Half the fun of Tofino is getting there

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The trip from Vancouver to Pacific Rim National Park, Tofino and Ucluelet is a significant drive but has benefits, most of them visual.

When you think about traveling around an island, you don’t often think of mountains.  On Vancouver Island, mountains are very real and have an impact on your driving plans, unless you’re a nitwit like me and forget about the mountains.

As you take Highway 19 from Nanaimo (follow the signs to Parksville as you leave the Departure Bay Ferry Terminal) it all seems fairly normal coastal Vancouver Island terrain.  To get to the Pacific Rim, watch for the signs for Highway 4 to Port Alberni.

I’ll get back to the mountainous part in a minute; there are good distractions to take into account when driving along Highway 4.

The first key one is The Old Country Market in Coombs.  It’s a funky place to stop.  Sometimes you will see goats on the rooftops.  If you need a leg stretch and bio-break, this is a good one.

The second absolute must stop is (officially known as MacMillan Provincial Park) what is known to everyone British Columbia as Cathedral Grove.  It is a preserved stretch of massive Douglas Fir trees that are from 300 – 800 years old.  The whole feel of this rainforest of giant trees is virtually indescribable.  I’ve posted a couple of photos I took in March 2011.  One note of caution is that the pullout/parking area for Cathedral Grove comes up on you fast as you are heading westbound.  Be sure not to hit anyone when pulling in.  Also, for the easiest loop walk, you have to cross over to the north side of the highway.  Watch out for cars!  There’s a bend in the road and people take the highway fast.  I guarantee you it’s worth the risk.

In another 19 km, you are into Port Alberni.  This is the last point of full service civilization until you are in either Tofino (124 km) or Ucluelet (100 km).  And it may be important for some of you to know Port Alberni is the last town you can find a Starbucks.  Gas up and stock up here!

As you travel west on Highway 4, you will eventually come to a sign that says you need chains and winter tires from about November to April.  As I was driving on my all season radials in late March, I wondered if they were kidding.  The BC highways people were not kidding.  In fact I found out later that friends of mine had taken this route a week earlier and had to turn around, go to Port Alberni, buy chains for the tires and then try again.

Yes, there are mountains.  Port Alberni Summit is 411 m (1348 feet) high.  (I was wondering how a port can have a summit, but what the heck, I didn’t name the place.)  And the road is twisty and the views incredible.  If you are driving, keep you eyes on the road.  Let your passengers do the ooh’ing and ahh’ing.  They have conveniently (for tourists) roughed up the lane lines so that if you cross the middle line or get too close to what qualifies as a shoulder, you will happily know it.  The locals don’t like these as they like to cheat on the curves and don’t want the extra wear on their tires.  If you are white knuckling on this route, make sure to take what chances you can to pull over and let faster traffic past you.  It will reduce the pressure on you and will also send good karma to those familiar with the road.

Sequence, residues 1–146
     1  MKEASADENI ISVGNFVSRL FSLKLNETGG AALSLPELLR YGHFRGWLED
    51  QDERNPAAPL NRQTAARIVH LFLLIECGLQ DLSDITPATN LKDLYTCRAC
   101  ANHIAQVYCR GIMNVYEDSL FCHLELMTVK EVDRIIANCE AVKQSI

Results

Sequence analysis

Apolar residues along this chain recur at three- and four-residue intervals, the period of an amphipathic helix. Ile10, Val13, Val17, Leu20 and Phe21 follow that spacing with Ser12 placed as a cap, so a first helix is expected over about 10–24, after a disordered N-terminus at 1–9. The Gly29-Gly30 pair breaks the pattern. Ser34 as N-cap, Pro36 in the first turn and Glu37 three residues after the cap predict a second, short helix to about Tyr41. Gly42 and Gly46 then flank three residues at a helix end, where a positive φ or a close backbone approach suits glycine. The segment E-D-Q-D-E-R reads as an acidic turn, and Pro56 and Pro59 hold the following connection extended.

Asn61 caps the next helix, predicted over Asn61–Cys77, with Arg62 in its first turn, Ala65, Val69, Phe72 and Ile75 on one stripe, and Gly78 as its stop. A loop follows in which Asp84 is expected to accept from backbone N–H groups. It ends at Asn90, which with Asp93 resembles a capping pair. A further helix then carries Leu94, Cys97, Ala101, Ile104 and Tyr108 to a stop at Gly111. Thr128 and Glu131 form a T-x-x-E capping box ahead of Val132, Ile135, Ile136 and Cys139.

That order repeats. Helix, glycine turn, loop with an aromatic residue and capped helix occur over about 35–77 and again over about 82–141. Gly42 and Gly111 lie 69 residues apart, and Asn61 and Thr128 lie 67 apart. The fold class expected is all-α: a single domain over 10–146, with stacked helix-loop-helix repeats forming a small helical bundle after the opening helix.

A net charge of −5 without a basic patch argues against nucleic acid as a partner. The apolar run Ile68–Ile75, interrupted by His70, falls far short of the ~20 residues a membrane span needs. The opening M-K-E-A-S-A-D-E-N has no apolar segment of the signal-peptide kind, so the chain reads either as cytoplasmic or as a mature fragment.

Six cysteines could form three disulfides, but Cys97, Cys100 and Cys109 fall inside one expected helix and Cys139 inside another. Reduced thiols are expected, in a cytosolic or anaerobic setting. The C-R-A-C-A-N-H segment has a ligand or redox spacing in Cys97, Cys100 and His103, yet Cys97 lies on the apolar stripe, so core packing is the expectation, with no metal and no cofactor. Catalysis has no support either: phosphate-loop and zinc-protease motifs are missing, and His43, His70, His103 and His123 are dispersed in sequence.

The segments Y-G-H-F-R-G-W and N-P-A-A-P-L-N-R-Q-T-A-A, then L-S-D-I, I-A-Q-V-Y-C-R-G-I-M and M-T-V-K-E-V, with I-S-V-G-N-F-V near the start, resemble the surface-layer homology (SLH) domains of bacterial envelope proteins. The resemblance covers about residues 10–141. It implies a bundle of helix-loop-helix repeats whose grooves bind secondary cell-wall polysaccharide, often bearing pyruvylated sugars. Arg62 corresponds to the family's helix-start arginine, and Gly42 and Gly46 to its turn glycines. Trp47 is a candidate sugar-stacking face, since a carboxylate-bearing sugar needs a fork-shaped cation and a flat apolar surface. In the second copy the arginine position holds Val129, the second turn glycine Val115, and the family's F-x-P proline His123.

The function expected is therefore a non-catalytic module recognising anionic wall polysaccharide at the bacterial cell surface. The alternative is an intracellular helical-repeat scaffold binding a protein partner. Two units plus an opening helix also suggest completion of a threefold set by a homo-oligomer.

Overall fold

There’s a rest stop about half way through and has a bathroom.  If you see it and you have the need, take advantage of it.

As you wind around the scenery we had a good laugh as the BC roads people had a sign saying something like: “Warning winding mountain road for the next 12 km.”  My wife and I simultaneously said, “What the eff did you think the last 50 km were?”

Make sure to stop at the cross roads where you turn left for Ucluelet or right for Tofino.  There’s the Pacific Rim National Park Reserve Information Centre on the right and they can tell you what’s going on as well as sell you a park pass.  Make sure to ask lots of questions about what type of pass you need.  A day pass that allows you to park at Long Beach and The Wickaninnish Interpretive Centre costs about $20.  This is one of a few places that you can buy one.

Also, by the time I got through that mountain driving, I needed a break!

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